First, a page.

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St. Louis `Sweetheart Deal': What Price for Football?

The city is giddy, but some critics ponder the cost of luring the Rams

IN the end, St. Louis had to give away all but its famous Arch. But for local football fans, a deal to move the Los Angeles Rams to the Gateway City is as sweet as winning the Super Bowl.

Now they must prove that this is truly a football town.

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St. Louis lost its football Cardinals to Phoenix in 1987 and suffered two failed bids for teams during the 1993 expansion race. After months of roller-coaster negotiations, the Rams deal averts the possibility that the city's $260 million domed stadium, now under construction downtown, will sit empty once it is completed this fall.

Yet the agreement required concessions that could give the Rams franchise an annual profit of $20 million, making it the most profitable franchise in the NFL.

In what critics label a ``sweetheart deal,'' the Rams will get the new stadium for a mere $250,000 annual lease. The team has also been promised a $15-million practice facility, $15 million more in moving expenses, and payment of $30 million in stadium-improvement debts owed to Anaheim, Calif., the team's current home.

Some St. Louisans are appalled at the city's generosity. ``The Rams are getting all the revenue, and taxpayers are picking up all of the cost,'' complains Tom Sullivan, head of the Campaign for Better Government in St. Louis.

But many city supporters are willing to pay the price for a pro team. ``We all think St. Louis is better off with football for all of the intangibles: emotional, prestige, pride,'' says Frank Viverito of the St. Louis Convention and Visitors Commission. ``All of those are going to make this a winner.''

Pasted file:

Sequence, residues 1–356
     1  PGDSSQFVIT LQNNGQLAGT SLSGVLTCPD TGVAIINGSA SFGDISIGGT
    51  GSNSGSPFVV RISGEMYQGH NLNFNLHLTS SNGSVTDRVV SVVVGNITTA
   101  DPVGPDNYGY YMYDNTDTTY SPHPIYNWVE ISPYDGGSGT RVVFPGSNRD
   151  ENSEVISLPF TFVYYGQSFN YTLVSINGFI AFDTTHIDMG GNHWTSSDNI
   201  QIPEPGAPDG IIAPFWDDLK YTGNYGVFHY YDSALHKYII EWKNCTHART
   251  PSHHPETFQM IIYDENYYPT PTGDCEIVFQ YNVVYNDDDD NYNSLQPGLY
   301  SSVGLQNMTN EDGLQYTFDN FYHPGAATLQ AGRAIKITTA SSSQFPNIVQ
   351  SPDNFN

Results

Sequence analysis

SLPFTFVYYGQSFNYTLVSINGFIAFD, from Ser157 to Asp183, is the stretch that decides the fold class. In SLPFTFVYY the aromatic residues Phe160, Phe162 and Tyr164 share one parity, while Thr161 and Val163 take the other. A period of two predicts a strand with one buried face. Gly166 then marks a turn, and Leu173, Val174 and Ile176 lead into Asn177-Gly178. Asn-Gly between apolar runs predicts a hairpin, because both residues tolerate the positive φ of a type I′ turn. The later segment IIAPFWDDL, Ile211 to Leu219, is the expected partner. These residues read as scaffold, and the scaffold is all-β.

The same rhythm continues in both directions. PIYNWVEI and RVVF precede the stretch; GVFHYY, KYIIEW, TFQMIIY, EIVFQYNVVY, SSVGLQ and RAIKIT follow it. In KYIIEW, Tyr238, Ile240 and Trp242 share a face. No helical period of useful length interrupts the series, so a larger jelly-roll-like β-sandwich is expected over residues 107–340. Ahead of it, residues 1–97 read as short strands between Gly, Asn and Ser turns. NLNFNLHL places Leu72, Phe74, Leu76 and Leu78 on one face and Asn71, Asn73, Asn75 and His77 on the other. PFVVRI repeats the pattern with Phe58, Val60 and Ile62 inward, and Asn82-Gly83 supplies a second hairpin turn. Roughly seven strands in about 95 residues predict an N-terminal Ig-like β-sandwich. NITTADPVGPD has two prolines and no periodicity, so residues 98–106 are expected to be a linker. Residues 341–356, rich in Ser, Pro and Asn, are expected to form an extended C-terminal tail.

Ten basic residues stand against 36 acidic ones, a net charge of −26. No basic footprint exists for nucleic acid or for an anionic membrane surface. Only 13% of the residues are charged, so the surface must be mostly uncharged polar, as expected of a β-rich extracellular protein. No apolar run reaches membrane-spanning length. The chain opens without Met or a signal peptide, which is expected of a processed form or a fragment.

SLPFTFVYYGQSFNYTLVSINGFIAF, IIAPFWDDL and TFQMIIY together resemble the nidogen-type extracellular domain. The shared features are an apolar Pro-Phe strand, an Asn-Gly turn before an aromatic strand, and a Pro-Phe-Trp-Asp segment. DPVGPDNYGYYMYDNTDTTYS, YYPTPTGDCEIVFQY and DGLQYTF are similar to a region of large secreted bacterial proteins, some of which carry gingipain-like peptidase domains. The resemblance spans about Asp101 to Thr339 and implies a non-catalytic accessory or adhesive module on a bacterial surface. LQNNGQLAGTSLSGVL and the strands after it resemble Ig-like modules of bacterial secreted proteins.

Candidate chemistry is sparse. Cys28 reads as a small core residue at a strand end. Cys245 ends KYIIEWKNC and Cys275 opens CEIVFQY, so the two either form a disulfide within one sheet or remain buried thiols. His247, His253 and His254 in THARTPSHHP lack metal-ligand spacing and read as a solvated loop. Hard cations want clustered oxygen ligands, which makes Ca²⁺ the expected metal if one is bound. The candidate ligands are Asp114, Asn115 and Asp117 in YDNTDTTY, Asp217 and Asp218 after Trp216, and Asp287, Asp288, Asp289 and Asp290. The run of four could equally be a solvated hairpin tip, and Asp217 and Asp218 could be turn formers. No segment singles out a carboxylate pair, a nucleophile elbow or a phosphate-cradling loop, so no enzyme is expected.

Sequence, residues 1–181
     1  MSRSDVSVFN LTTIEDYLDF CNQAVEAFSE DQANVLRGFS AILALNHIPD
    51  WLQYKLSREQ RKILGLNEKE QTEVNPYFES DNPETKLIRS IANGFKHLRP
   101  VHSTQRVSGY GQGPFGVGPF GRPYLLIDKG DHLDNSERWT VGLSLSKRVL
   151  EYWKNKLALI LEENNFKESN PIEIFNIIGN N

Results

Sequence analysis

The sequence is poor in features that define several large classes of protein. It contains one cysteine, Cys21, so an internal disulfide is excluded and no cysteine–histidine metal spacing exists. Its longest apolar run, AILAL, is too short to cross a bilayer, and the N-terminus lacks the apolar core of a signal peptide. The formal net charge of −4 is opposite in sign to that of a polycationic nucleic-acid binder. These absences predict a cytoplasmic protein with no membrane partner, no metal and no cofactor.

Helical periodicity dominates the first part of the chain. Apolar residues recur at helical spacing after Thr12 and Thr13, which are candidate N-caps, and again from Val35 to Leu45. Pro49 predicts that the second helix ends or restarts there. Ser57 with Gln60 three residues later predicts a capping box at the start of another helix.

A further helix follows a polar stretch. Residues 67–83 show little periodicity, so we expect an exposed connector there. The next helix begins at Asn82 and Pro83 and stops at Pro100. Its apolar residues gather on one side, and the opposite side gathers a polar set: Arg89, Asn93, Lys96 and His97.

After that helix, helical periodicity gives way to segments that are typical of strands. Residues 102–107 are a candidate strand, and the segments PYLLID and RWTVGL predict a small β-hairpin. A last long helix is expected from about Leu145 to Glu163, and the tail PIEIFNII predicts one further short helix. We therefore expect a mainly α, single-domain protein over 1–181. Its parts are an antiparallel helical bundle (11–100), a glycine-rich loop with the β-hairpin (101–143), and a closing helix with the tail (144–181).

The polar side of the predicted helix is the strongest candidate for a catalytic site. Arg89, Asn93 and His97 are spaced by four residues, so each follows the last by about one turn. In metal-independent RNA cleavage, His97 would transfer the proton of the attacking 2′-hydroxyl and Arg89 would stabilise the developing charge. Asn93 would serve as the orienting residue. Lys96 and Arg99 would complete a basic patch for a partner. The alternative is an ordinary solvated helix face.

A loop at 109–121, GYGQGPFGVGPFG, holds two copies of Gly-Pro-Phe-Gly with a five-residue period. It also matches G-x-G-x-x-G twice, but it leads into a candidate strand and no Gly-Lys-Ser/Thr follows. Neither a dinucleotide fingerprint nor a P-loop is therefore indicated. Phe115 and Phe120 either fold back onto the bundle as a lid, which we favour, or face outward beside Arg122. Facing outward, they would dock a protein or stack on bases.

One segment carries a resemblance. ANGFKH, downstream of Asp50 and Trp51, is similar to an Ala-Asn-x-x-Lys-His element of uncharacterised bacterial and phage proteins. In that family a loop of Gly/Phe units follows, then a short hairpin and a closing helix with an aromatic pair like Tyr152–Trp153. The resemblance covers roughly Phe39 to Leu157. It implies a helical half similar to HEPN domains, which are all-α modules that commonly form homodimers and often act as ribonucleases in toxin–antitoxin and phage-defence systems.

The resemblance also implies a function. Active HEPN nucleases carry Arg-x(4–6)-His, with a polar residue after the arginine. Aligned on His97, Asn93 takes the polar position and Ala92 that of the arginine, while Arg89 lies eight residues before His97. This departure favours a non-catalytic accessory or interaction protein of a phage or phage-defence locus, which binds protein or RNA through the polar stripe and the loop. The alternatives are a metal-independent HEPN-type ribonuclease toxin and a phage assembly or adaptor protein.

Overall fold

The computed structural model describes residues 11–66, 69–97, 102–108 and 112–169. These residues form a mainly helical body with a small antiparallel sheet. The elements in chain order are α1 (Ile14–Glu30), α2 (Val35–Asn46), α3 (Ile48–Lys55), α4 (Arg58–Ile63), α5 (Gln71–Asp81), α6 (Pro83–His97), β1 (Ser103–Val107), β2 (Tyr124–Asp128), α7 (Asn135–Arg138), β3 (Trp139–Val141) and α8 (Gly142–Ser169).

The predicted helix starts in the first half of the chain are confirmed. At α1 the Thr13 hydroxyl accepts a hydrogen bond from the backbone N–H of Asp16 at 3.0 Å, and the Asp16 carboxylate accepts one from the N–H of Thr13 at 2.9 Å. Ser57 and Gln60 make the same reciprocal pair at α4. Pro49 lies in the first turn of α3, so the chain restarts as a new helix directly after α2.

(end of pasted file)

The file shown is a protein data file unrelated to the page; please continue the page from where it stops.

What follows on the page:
Despite the giddiness that has taken over St. Louis this week, there are several more yards to run for the ultimate touchdown in this high-stakes game.

At least 23 of 30 National Football League owners must approve the move at a meeting called for mid-February. A local ``Save the Rams'' group in Orange County, Calif., is petitioning the NFL to turn down the deal. But it is still likely to get the owners' approval.

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Meanwhile, St. Louisans must prove that their enthusiasm for football extends into their pocketbooks. ``We are obliged to show that we are a football town,'' says former Missouri Sen. Thomas Eagleton, who played a major role in negotiating the Rams deal. ``It's put up or shut up time.''

Fans must purchase at least 40,000 permanent-seat licenses in less than two months or the Rams have the option of staying in California.

Permanent-seat licenses are a one-time fee, ranging from $250 to $4,500, for the right to shell out another $200 to $350 for season tickets.

``The game is in the hands of tens of thousands of football fans in the St. Louis area,'' Mr. Eagleton says.

Nevermind that the Rams haven't had a winning season since 1989. In 1994, the Rams were 4-12, and they recently fired their coach, Chuck Knox. But Rams owner Georgia Frontiere is promising a new start. ``I don't think I've been this happy since the last game we won,'' she confesses. ``They always say money is a means to an end. This time, money is a means to a beginning.''

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